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Discovery: Health Care Reform Could Save Medicare Money in the Long Run


• The costs of expanding health care coverage for people under 65 may help save Medicare money in the future, finds a new Harvard study.

• People between ages 51 and 64 who don’t have insurance incur higher health care costs once they become eligible for Medicare than those who had insurance.

A new study from Harvard Medical School finds that adults who have been continuously covered by insurance between the ages of 51 and 64 spend about $1,000 less per year on health care after they become eligible for Medicare at age 65 than those who have had intermittent health insurance or none at all.

J. Michael McWilliams, M.D., assistant professor of health care policy at Harvard Medical School, and his colleagues looked at results from the Health and Retirement Study, an earlier national survey of health coverage. They identified two groups: 2,951 adults who had continuous insurance and 1,616 adults who had intermittent or no insurance. Then the researchers analyzed Medicare claims for the two groups.

The findings: Those who lacked coverage cost the Medicare system an additional $1,000 each annually when compared with those who had health insurance all along. Much of the spending difference was explained by hospitalizations for complications related to cardiovascular disease or diabetes, chronic conditions that are very treatable before age 65. Uninsured adults were also more likely to delay elective surgery—such as joint replacement—until joining Medicare.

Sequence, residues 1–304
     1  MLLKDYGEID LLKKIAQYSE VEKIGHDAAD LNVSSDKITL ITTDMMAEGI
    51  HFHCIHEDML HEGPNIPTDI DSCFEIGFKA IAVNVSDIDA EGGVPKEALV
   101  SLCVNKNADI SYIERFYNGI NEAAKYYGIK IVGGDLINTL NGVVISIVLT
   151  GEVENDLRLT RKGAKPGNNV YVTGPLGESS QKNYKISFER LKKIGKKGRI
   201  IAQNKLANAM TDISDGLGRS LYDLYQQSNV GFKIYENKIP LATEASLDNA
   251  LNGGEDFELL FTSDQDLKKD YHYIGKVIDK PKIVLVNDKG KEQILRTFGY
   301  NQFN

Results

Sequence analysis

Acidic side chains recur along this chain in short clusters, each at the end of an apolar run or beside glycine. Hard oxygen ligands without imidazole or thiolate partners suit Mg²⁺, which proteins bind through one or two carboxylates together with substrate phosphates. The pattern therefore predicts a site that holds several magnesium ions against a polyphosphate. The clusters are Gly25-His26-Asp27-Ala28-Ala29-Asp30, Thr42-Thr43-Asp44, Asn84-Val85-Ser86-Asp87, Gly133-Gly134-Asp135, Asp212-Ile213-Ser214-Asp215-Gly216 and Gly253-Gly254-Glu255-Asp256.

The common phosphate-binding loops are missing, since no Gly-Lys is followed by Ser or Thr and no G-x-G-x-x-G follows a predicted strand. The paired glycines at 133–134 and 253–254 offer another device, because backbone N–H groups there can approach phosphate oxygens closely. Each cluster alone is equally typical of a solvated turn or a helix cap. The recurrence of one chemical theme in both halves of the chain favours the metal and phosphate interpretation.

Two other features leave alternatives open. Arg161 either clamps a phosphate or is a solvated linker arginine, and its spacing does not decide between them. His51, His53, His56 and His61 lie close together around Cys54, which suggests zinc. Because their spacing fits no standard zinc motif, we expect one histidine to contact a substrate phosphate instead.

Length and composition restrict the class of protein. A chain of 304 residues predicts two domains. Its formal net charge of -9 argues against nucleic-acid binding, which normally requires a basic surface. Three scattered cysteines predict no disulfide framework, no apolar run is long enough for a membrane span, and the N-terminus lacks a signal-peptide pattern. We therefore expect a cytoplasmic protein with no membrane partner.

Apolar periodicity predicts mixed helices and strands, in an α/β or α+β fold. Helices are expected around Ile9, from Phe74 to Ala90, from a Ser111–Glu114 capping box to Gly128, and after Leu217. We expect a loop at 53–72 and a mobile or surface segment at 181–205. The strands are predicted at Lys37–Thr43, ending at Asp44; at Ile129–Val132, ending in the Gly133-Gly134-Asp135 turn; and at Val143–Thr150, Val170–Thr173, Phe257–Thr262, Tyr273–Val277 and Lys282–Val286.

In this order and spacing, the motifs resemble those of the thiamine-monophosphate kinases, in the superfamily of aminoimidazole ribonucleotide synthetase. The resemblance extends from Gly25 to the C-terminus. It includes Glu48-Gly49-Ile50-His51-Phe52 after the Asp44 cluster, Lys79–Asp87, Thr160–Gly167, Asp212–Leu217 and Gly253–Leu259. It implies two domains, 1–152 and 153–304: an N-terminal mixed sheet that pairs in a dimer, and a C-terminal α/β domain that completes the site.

In other words, uninsured people waited to get care for chronic conditions and postponed surgeries until they had Medicare coverage.

“These findings have quite important policy implications,” says McWilliams. When policymakers calculate the cost of covering the uninsured, they focus on the expected increase in health care costs once people have insurance, says McWilliams, but cost savings from health benefits are often ignored. Better coverage and better care earlier in life mean fewer expensive treatments later. The estimated cost of increased coverage for uninsured adults between the ages of 51 and 64 is $197 billion, but study authors say that coverage would potentially reduce subsequent Medicare spending by $98 billion.

Not everyone agrees with the findings. “There’s certainly going to be some savings,” says Jay Bhattacharya, M.D., a research fellow at the National Bureau of Economic Research and a health economist. “I would love to believe the number is as large as they estimate, but I doubt it.”

The study appeared in the Oct. 6 online edition of the Annals of Internal Medicine and was funded by the Commonwealth Fund, a private foundation supporting independent research on health policy reform.

Cathie Gandel is a freelance writer based in New York.

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